(Commentary originally published by YES! Magazine, October 7, 2022)

The purpose of human institutions is to secure the well-being of people and Earth. Despite our differences, all of Earth’s people share a common destiny that depends on our learning to live together with mutual commitment to a foundational truth recognized by our early ancestors: “I am because you are.” South Africans call it ubuntu.

Now, however, we get near-daily reminders of the failure of our institutions to uphold that truth. Ignoring ubuntu, they pit us against each other in a deadly competition to dominate and exploit both the planet and our neighbors.

Our future depends on cooperating to create new institutions that support us in caring for and living within the means of a finite living Earth. But competition presents a terminal barrier to progress on two defining fronts: the growing number of billionaires, and the growing dominance of the world’s largest economies. The United States currently leads in both fronts. China is in second place but is positioned to soon take the lead.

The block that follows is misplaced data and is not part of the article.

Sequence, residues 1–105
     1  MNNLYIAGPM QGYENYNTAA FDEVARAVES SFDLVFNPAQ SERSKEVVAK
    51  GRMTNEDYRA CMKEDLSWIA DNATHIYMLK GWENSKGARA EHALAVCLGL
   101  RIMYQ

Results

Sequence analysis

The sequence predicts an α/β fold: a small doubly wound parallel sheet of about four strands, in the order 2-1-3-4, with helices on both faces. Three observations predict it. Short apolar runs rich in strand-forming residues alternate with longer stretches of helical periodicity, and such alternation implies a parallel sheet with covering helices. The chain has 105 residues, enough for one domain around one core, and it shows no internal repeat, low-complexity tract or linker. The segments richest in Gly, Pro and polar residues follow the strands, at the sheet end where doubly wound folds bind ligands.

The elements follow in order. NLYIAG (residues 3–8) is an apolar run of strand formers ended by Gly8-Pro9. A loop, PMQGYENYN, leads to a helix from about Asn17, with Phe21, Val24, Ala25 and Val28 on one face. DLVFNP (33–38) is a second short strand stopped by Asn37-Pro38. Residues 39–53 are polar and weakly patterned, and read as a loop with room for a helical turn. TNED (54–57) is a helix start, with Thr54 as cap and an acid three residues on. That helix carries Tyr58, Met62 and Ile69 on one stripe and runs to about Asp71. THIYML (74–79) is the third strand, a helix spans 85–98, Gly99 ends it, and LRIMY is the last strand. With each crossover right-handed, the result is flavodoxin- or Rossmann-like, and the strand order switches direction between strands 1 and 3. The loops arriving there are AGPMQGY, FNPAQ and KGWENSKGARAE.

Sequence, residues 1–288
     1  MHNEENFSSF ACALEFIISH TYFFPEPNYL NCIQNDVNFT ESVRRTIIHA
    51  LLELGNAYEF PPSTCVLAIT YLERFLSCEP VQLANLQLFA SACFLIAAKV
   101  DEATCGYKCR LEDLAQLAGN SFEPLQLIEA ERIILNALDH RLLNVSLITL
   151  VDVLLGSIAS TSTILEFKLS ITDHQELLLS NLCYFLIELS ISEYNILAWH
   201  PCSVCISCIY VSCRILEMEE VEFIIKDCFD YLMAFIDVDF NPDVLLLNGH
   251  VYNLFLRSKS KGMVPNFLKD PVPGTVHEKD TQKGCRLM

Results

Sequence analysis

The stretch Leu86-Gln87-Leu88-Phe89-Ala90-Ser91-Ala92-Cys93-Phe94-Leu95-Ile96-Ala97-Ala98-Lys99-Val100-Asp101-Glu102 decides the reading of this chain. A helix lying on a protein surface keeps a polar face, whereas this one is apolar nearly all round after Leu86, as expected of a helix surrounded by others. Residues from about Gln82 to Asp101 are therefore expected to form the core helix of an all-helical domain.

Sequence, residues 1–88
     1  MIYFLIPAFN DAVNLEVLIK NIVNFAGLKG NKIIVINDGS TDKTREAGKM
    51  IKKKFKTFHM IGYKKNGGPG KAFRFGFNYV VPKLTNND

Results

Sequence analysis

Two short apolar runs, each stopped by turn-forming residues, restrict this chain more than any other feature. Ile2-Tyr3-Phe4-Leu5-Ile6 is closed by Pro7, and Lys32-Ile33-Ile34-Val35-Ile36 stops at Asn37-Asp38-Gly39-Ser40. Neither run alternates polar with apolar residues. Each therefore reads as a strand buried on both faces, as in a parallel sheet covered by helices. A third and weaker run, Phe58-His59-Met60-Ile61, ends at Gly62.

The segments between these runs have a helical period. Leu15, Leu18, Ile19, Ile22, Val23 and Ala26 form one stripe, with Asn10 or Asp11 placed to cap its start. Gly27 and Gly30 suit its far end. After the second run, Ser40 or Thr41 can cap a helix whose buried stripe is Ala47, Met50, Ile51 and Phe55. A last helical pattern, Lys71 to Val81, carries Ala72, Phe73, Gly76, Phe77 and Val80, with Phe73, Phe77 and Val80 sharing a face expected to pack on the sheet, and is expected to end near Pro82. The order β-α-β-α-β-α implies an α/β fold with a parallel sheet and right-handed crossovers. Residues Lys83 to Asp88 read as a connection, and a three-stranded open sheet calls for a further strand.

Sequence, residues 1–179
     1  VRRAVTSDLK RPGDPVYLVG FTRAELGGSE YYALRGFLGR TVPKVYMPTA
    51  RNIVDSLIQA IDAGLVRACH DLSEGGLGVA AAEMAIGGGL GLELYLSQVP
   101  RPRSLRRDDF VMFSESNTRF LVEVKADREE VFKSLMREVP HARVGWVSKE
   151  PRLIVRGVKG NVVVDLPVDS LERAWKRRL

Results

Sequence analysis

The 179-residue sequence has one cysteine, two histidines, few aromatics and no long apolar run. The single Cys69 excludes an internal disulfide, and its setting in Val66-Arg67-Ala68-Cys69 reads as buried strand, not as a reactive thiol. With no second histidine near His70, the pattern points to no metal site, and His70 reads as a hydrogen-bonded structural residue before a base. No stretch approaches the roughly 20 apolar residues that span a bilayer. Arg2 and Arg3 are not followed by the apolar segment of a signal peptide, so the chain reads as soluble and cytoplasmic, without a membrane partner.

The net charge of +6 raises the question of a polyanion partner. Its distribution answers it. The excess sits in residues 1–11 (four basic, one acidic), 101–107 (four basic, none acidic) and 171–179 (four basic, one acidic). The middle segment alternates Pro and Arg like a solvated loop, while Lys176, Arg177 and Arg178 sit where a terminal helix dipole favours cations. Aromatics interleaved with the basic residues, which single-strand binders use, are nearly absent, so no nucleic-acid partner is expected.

Two current examples stand out in revealing the profound institutional failure that imperils our common future. Each underscores the need for the deep transformation we have only begun to envision.

  1. The U.S. has long presented itself as the model of prosperity and democracy for other nations to emulate—a conceit that is fast losing its luster. In addition, between 2019 and 2021, life expectancy in the United States dropped from 79 years to 76 years—the sharpest two-year decline in a century.
  2. The U.S. and China are confronting each other over many issues, most recently the status of Taiwan. If we are to move toward peace, equality, and a sustainable climate on which a viable human future depends, our two countries must join in common cause to create a world in which the very concept of a global superpower is a relic of history.

Alarming statistics on the dramatic fall in U.S. life expectancy come from a New York Times news story on a report by the U.S. National Center for Health Statistics. COVID-19 was the major driver.